Phil Kadner has a column in the Southtown Star about the Chicago teachers' strike that expresses one basis for opposition that I've seen a lot—not just that there's a great deal of anti-union sentiment generally, but that it's deeply unpopular to be clamoring for a raise in the midst of a recession, at a time when very few private-sector employees are getting them. Granted, raises don't seem to be a major block to the negotiations, but it appears they're a sore point in the court of public opinion:
Although representatives of the Chicago Teachers Union say this is not about money (a 16 percent pay increase over four years), I think it’s going to seem that way to an overwhelming number of taxpayers.
I’m talking about people who haven’t had a wage increase in three or four years.
They see teachers making a good wage (an average of between $71,000 and $78,000, depending on whose figures you believe), with health insurance, pensions and job security, who don’t seem to understand that their neighbors lost all of that long ago.
FWIW, I make a lot less than that, so I can understand the politics behind it. But even that raises a tough question: should taxpayers resent the union for asking for more when salaries have flatlined? Or should they consider how organizing has kept public-teacher salaries steady—accounting for inflation—over the years?
I don't have an answer for that, but I am interested in CPS salaries in their context. Is it a good wage? In a controversial post, Dylan Matthews points out that Chicago public-school teachers make more than the average working stiff and big-city teacher:
Chicago school teachers make a median salary of $71,017. That’s a whole lot more than the city’s median household income (which can include multiple salaries for households with more than one earner) of $46,877, and greater still than its median per capita income of $27,148. But how does it compare to other urban school districts?
Answer: they do pretty well by comparison to other big-city districts, but not necessarily in comparison to, say, Illinois suburban school districts. But how do they do compared to Chicagoans like themselves, with similar educational attainment?
The American Community Survey (5-year estimates) gives us the following median earnings for Cook County:
* Women with bachelor's degrees: $44,084
* Men with bachelor's degrees: $59,895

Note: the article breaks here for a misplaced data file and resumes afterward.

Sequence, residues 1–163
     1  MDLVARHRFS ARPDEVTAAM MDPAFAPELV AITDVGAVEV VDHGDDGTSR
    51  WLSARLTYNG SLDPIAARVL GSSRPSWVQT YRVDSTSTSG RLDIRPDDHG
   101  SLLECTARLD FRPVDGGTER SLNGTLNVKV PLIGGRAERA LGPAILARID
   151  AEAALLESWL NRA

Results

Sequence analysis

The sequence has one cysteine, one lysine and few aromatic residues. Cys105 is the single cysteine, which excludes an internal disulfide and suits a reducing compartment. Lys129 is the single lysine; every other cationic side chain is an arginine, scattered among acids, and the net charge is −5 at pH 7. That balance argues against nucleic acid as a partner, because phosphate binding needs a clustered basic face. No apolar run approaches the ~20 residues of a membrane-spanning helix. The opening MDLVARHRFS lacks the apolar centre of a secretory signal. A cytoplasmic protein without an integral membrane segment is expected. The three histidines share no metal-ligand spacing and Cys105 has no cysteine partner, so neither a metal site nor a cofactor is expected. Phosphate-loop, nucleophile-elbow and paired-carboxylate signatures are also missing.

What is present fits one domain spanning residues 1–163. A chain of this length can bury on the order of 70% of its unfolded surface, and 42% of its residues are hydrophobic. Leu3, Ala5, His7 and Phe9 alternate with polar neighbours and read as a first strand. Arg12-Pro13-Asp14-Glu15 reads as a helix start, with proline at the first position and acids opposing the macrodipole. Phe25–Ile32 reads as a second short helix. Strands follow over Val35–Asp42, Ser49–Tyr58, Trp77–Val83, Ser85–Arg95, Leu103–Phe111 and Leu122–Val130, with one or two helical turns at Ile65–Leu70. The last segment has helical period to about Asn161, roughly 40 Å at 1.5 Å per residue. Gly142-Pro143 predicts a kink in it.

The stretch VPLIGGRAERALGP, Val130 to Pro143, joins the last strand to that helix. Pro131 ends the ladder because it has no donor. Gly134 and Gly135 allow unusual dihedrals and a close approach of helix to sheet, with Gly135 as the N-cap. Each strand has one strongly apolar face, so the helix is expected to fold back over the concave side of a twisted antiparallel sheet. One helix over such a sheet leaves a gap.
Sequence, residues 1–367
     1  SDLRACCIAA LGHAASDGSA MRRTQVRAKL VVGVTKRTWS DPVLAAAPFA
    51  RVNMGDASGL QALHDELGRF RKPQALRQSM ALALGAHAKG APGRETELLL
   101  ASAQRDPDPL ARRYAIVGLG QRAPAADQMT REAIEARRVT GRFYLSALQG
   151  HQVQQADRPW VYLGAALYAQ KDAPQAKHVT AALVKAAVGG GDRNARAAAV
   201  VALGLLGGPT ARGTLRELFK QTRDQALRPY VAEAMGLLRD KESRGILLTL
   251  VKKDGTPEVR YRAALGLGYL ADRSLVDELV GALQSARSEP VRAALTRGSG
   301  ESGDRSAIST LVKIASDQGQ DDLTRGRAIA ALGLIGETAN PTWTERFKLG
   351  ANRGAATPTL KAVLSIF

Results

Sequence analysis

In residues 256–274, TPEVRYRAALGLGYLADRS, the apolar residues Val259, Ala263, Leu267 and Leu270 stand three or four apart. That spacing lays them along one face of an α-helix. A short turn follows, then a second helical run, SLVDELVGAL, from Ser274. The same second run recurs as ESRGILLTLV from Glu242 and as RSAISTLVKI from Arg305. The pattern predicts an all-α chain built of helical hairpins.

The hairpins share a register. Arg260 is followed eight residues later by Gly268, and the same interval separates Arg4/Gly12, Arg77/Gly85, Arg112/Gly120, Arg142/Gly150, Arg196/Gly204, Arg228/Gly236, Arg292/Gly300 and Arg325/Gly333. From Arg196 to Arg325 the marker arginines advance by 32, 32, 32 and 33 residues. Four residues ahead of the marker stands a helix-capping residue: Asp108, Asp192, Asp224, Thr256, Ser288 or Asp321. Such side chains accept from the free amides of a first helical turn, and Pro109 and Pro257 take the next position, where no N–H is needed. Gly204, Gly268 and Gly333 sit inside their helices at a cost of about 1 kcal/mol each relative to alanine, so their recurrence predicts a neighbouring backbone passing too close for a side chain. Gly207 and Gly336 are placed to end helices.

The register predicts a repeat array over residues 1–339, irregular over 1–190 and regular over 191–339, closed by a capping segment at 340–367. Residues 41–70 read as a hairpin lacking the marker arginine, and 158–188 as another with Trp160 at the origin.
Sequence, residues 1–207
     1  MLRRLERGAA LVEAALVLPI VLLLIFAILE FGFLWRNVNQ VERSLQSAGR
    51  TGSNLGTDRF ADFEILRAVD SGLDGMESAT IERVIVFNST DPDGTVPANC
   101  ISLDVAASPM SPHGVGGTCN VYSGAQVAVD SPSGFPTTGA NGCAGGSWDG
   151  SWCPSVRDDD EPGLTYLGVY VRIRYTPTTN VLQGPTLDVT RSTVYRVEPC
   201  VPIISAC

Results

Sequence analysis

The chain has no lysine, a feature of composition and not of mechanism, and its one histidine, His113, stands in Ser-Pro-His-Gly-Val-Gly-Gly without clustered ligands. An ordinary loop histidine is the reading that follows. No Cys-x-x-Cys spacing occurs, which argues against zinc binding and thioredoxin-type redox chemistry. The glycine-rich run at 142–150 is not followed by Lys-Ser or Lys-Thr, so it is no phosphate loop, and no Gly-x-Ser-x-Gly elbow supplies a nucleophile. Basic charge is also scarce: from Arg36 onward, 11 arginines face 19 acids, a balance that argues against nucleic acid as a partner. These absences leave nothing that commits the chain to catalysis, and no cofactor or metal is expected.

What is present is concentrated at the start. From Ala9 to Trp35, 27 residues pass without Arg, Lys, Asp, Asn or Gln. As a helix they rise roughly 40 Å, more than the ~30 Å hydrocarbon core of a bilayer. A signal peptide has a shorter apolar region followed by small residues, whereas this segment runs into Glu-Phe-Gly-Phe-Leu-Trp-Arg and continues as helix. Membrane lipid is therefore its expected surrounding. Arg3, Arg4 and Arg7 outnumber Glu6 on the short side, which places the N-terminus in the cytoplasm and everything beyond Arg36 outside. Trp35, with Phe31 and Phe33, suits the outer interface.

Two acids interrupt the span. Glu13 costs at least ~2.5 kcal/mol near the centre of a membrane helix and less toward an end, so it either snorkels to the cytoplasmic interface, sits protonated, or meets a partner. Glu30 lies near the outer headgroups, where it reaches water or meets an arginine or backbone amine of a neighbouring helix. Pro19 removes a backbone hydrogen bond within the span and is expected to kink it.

* Women with graduate or professional degrees: $56,110
* Men with graduate or professional degrees: $79,556
Education counts: a woman with a bachelor's stands a good chance of making a salary comparable to the city's median household income. A man with a graduate or professional degree, almost twice that.
Now, CPS teachers (PDF).
* Lane I (bachelor's degree), step one (first year) teachers working a 38.6-week position make $50,577 ($47,268 without the pension pickup). Lane I maxes out at step 16, $85,135 ($79,566).
* Lane II (master's), step one: $54,080 ($50,542 without pension pickup). Step 16: $87,743 ($82,937)
* Lane VI (doctorate), step one: $61,087 ($57,091 without pension pickup). Step 16: $95,957 ($89,680).
There are other lanes in between for graduate credit, but you get the idea.
* If you're a female teacher with a bachelor's, you will start at more than the median income for women like you in Cook County. If you have a PhD you will as well; if you have a master's, typical for public school teachers, you won't necessarily (it's hard to tell since the ACS conflates postgrad degrees).
* If you're a male, you'll have to work for CPS awhile to get above the median for guys with your educational attainment: five years if you have a bachelor's, 11 if you have a master's, eight if you have a Ph.D.
Is it a good salary? Quite. Does it compare well to other public-school teachers' salaries? Definitely by big-city standards, not necessarily by state suburban standards. How does it compare to people with similar educations? It's in the ballpark, but favorable if you're a woman, not so much if you're a man.
Photograph: Chicago Tribune